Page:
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Lord Krishna in his most loved and most-worshipped pose with his quintessential musical instrument -- the flute. The melodious music is the single source of joy for the gopis, cattle, animals and to everyone at Vrindavan. Tales of Krishna's fun, frolic and pranks during his childhood are endearing as they come, no matter how many times one hears it.

Details

  • Title: Muralidhara
  • Creator: Ravi Varma Press
  • Date Created: 1880
  • Location Created: Bengaluru, India
  • Physical Dimensions: 35 x 50 cm
  • Type: Reproduction
  • Rights: The Raja Ravi Varma Heritage Foundation, Bengaluru
  • Labels and Inscriptions: Ravi Varma Press, Karla, Lonavala
  • Creator's Lifetime: 1848-04-29/1906-10-02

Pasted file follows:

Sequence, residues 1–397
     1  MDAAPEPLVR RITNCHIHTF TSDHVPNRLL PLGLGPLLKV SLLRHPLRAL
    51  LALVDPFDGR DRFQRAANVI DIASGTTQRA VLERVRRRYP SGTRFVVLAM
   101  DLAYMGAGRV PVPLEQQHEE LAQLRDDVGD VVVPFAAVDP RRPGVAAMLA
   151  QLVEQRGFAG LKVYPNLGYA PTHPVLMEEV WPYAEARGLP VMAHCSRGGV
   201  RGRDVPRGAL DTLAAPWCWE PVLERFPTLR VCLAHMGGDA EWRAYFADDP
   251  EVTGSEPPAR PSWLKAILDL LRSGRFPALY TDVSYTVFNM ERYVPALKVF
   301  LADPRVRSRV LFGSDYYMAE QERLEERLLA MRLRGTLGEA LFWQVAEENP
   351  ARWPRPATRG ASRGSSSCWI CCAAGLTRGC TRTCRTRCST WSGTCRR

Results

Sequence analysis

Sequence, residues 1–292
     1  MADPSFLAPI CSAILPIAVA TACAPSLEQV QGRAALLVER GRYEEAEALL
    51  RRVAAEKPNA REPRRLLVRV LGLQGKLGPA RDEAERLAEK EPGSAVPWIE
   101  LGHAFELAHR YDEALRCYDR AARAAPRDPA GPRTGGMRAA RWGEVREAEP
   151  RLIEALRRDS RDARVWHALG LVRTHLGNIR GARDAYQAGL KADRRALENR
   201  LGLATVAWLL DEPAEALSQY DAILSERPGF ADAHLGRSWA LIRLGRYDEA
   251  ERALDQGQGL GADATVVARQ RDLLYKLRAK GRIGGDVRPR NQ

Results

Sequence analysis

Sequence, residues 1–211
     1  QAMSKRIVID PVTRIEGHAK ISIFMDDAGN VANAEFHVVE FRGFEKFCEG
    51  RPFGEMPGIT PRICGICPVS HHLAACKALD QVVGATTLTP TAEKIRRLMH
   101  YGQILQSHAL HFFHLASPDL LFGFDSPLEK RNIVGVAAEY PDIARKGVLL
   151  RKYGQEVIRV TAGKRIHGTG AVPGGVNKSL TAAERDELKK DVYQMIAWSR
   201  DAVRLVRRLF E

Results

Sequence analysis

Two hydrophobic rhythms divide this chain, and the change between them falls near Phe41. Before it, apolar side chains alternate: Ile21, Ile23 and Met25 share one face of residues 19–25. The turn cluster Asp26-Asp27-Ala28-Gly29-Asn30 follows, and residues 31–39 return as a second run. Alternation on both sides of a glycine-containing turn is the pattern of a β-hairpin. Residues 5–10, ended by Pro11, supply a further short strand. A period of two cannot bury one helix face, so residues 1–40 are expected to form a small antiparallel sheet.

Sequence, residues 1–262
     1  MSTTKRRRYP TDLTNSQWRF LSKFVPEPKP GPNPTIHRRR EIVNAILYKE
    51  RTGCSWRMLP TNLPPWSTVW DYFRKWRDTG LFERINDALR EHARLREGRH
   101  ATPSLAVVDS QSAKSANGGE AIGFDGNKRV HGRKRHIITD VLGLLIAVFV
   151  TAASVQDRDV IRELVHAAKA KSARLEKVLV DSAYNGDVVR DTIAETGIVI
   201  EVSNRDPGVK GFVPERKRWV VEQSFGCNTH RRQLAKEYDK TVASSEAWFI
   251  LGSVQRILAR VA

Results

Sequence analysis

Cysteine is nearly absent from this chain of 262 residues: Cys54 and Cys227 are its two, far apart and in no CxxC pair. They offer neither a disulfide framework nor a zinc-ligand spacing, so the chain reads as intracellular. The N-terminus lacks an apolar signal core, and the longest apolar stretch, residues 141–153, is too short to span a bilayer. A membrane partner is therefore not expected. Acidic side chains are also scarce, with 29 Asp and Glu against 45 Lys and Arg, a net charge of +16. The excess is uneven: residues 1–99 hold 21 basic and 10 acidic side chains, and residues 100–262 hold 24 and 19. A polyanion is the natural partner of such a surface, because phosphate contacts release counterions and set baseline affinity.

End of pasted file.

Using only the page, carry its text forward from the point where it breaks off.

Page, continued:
• About the Artist: Raja Ravi Varma (1848-1906), India’s foremost artist, who took art to the masses, hailed from Kilimanoor, in the erstwhile state of Travancore. From a very young age, Ravi Varma, was drawn towards art, imbibing techniques from his uncle and mentor Raja Raja Varma and his mother, Umayamba Bayi, a poet in her own right. Varma was much sought after by the Royals and owing to his popularity and reputation, his spectacular and richly-textured works were prolific. His realistic portrayals of contemporary figures and interpretations of religious and mythological figures fetched him instant and enduring success, lifting his standing in the art world. If the Royals and his countrymen were in awe of this great talent, the international world was spellbound by his imagination and creativity. He ensured that art would be accessible to all, through reproductions of his paintings which were made available, and affordable to everyone.

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